Official visit to UF impresses 6-foot-7 DE Abule Abadi-Fitzgerald


Standing at 6-foot-7, 245 pounds, defensive end Abule Abadi-Fitzgerald has the frame of a five-star prospect.

But with just three days to go until National Signing Day, Abadi-Fitzgerald holds just a handful of scholarship offers.

Yet one of those offers is from the Gators.

Coach Jim McElwain was in Lakeland on Tuesday to meet Abadi-Fitzgerald, and Florida’s head coach quickly offered him a scholarship in the 2017 class.


However, with 72 hours until National Signing Day, the offer alone wasn’t enough to sway the unheralded prospect. In order to see if Florida is truly a good fit, Abadi-Fitzgerald took an official visit Sunday to UF.

“It went well,” Abadi-Fitzgerald said of his visit. “I liked the school. The academic side is great, it’s very strong. I’m thinking of going into business school.”

Along with touring the facilities, Abadi-Fitzgerald said he had an opportunity to meet Florida’s coaching staff and the team.

However, the Gators aren’t the lone SEC program vying for his signature on Wednesday.

“I’m trying to go with one of three schools,” Abadi-Fitzgerald said. “Florida International, Florida and Kentucky.”

A late offer from the Gators, as meaningful as it may be, has thrown a wrench into Abadi-Fitzgerald’s plans, making a tough decision even tougher.

“I’m going to talk to my parents about that,” he said. “We’re going to talk about it. I don’t know what time (I’m announcing on Wednesday).”

Gator fans under the impression the late offer is cause for concern aren’t aware of Abadi-Fitzgerald’s journey to this point.

A native of Otuan, Nigeria, Abule Abadi was living with a host family in Coral Springs when he found himself scheduled to move to another foster home.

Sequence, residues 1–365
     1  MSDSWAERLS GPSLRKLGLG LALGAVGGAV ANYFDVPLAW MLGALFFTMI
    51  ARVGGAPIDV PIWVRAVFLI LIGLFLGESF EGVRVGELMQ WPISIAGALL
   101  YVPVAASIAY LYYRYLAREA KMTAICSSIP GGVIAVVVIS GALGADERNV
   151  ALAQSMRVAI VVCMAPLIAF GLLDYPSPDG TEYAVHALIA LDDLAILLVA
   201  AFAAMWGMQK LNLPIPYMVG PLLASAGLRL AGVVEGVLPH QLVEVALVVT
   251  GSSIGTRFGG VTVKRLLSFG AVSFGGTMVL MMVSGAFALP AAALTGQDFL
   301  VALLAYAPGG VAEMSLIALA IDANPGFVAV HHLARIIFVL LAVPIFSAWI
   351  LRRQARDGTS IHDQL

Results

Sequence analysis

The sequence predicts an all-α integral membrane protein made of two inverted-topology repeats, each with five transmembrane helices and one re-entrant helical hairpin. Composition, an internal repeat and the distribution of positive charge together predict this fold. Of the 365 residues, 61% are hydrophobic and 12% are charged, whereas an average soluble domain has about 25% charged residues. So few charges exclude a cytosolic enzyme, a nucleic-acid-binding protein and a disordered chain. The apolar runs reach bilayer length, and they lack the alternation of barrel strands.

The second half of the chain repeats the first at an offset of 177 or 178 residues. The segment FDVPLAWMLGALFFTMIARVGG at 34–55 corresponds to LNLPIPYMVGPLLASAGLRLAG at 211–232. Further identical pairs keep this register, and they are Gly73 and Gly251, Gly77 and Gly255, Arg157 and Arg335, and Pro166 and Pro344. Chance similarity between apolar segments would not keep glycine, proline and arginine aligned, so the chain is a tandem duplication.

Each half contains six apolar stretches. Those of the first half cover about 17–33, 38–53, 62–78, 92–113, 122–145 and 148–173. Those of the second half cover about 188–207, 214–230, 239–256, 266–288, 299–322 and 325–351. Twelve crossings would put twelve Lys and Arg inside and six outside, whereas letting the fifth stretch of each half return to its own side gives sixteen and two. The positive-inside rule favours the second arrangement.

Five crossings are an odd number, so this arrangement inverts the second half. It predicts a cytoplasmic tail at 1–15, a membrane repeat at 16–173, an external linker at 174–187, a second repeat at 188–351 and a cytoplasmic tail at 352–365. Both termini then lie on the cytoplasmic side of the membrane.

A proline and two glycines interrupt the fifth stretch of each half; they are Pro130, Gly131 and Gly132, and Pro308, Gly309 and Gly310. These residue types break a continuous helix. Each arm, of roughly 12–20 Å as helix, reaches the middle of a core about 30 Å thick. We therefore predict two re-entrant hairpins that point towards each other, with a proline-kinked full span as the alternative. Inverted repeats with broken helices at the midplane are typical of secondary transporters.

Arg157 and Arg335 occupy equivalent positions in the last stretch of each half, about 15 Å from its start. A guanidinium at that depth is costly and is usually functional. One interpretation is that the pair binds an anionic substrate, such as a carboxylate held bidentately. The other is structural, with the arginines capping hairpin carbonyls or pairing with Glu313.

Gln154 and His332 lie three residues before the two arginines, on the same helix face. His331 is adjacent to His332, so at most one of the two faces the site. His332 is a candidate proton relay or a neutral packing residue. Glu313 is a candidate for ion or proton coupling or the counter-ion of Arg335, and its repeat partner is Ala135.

But before Abadi could find himself living in another home, Steve and Teri Fitzgerald stepped in to adopt Abadi and fellow Nigeria native Alowei Talent.

Steve, the boys’ basketball coach at Coral Springs Christian, welcomed the two boys into their family.

While he enjoyed playing basketball, Abadi-Fitzgerald wasn’t able to string together consecutive productive seasons on football field.

“A long story short, I started in ninth grade year,” Abadi-Fitzgerald said. “Coach Donald Bennett taught me to play football, so that was my first year. But I never really got the full experience, and my sophomore year I didn’t play football. We didn’t have a team. My junior year I didn’t play football because I transferred from Coral Springs Christian to Dade Christian and there were some issues there.

“But my senior year I was good to go and I played with a great varsity team.”

With just a year of varsity football under his belt, Abadi-Fitzgerald understands his recruitment is more about his potential than the product he’s put on the field to this point.
That’s why McElwain attempted to sell Abadi-Fitzgerald on the opportunities Florida offers away from the football field.

“He said academically, I’m for sure going to be taken care of academically there,” Abadi-Fitzgerald said. “Basically I could go there and be a threat on the defensive side of the ball. Be a great pass rusher.”

However, Florida gave Abadi-Fitzgerald the same message Kentucky has been sending for the past year.

If the Gators hope to make Abadi-Fitzgerald a late addition to the No. 18 ranked class in the nation, McElwain and his coaching staff hope their late pitch was enough to eliminate the early suitors.

“It was my junior year, but then I didn’t play that whole year, I kind of disappeared,” Abadi-Fitzgerald said. “Once I started playing this season…everything started opening up.”